Rage copyright claim fails

A recent decision of the Federal Court offers two timely reminders for litigants claiming copyright infringement.

Mr Wills, a self-represented litigant, claimed the Australian Broadcasting Corporation had infringed his copyright by broadcasting five music videos that he had filmed on its music video program rage between 1998 and 2001.

Unfortunately for Mr Wills, his claim fell over on two rather rudimentary points.

The first failing was related to time. The Court found that three of the five broadcasts occurred outside of the six year time limit for bringing a claim (Mr Wills action was commenced in December 2006). Therefore no claim could be brought in relation to those three broadcasts.

The second and more fatal failing related to ownership. The Copyright Act sets out who owns the copyright in a newly created work:

Subject Matter


literary, dramatic, musical or artistic works author of the work
sound recordings maker of the recording
cinematograph film maker of the film
television and sound broadcasts maker of the broadcast
published editions of works publisher of the edition

This basic formula is then modified by a number of other considerations such as when the subject matter was created, if it was created during employment, if it was commissioned by another person or any agreement relating to the subject matter. Further, successive decisions of the Courts continue to examine and re-define the definitions of key terms such as ‘author’, ‘publisher’ and ‘maker’.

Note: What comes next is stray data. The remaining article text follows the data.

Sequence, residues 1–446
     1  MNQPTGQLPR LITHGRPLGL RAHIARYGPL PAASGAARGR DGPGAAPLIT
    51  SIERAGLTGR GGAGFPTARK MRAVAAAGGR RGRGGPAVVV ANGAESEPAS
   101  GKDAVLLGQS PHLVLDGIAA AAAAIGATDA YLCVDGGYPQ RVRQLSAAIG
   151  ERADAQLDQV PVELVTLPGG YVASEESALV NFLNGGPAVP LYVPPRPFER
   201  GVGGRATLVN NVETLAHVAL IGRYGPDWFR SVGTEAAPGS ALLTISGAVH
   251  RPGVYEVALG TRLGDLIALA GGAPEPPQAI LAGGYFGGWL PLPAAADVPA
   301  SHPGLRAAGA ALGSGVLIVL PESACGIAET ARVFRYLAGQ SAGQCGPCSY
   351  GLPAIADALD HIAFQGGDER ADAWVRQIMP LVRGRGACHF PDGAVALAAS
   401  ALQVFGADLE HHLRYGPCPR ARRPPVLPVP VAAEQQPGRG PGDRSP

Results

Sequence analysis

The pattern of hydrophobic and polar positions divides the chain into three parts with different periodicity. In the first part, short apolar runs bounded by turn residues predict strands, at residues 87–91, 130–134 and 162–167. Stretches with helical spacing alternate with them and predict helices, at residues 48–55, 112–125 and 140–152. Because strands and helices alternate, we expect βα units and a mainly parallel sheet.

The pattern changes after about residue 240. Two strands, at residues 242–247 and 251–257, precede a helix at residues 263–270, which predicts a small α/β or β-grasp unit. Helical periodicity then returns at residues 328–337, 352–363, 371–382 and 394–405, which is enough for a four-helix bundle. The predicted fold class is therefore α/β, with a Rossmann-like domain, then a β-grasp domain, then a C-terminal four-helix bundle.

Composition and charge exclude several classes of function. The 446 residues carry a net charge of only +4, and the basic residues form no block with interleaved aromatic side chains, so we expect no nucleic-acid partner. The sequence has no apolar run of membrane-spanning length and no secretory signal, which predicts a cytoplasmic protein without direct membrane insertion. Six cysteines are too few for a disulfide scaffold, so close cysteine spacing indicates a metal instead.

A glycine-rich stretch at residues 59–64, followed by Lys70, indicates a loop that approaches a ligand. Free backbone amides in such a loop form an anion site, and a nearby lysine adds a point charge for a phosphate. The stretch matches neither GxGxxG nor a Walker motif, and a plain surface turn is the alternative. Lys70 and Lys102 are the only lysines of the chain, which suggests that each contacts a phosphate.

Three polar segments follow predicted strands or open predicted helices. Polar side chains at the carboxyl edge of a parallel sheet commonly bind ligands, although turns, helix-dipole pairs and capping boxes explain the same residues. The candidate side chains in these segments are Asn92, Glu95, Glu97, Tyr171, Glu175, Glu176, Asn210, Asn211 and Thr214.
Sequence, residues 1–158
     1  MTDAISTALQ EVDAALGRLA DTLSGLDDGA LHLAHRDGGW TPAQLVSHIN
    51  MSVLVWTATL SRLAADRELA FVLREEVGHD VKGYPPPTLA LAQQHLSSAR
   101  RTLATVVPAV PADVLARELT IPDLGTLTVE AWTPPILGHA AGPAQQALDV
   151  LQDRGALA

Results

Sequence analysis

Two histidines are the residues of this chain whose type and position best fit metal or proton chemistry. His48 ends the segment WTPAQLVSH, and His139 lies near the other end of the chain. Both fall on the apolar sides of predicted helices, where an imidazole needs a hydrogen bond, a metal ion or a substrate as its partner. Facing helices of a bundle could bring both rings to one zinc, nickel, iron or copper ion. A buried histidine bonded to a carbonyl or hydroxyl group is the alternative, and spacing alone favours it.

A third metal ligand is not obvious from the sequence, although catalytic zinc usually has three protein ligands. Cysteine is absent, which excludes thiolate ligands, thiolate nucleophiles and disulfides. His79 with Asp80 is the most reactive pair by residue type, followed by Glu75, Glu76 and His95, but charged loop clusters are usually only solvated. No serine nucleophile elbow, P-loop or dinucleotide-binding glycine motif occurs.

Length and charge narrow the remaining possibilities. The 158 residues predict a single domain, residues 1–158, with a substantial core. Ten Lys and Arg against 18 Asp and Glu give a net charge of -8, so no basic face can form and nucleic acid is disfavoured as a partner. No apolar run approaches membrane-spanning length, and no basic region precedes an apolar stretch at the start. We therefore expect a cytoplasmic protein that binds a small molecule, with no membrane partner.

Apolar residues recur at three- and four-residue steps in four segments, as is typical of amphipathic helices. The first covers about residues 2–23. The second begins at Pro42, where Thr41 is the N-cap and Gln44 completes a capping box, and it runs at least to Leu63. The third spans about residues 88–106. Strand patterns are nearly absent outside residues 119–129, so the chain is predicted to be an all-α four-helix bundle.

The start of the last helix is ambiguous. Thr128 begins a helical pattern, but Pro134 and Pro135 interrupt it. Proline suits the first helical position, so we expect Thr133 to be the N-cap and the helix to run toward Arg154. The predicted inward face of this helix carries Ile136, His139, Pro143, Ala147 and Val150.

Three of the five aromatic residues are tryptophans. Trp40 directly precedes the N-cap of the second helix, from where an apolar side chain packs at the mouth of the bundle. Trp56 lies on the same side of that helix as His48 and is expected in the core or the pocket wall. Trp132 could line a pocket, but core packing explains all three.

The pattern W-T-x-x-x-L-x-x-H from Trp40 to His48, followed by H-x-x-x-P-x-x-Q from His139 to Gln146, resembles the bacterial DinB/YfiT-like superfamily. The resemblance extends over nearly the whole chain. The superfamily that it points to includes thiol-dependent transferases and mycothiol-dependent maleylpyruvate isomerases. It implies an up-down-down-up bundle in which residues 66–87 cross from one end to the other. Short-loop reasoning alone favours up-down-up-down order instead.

In the case of a cinematograph film, the general principle is that the owner is the producer who make the financial or administrative arrangements for the production of its first copy. Typically, this concept is reinforced by agreements entered into by the relevant parties involved in the production of the film.

In Mr Wills case, the Court found that his involvement in the production of the music videos was limited to camera work and that he played no significant role in the financial or administrative contributions that led to the production of the films. Accordingly, he was found to have no ownership in the music videos and his claim failed. To add salt to his wounds costs were, quite reasonably, awarded against him.

This case highlights some fundamental issues for copyright claimants but also demonstrates the difficulties faced by self-represented litigants. Arguably, had Mr Wills been the recipient of professional legal advice, he may not have initiated his claim and spent three years litigating only to lose and face a substantial costs bill.

For advice on copyright issues please contact Certus Legal Group.